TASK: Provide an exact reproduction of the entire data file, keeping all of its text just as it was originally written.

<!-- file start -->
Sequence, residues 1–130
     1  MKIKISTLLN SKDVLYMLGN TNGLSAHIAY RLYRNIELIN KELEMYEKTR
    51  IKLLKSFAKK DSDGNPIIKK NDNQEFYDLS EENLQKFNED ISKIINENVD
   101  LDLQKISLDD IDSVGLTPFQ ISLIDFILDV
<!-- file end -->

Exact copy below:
Sequence, residues 1–130
     1  MKIKISTLLN SKDVLYMLGN TNGLSAHIAY RLYRNIELIN KELEMYEKTR
    51  IKLLKSFAKK DSDGNPIIKK NDNQEFYDLS EENLQKFNED ISKIINENVD
   101  LDLQKISLDD IDSVGLTPFQ ISLIDFILDV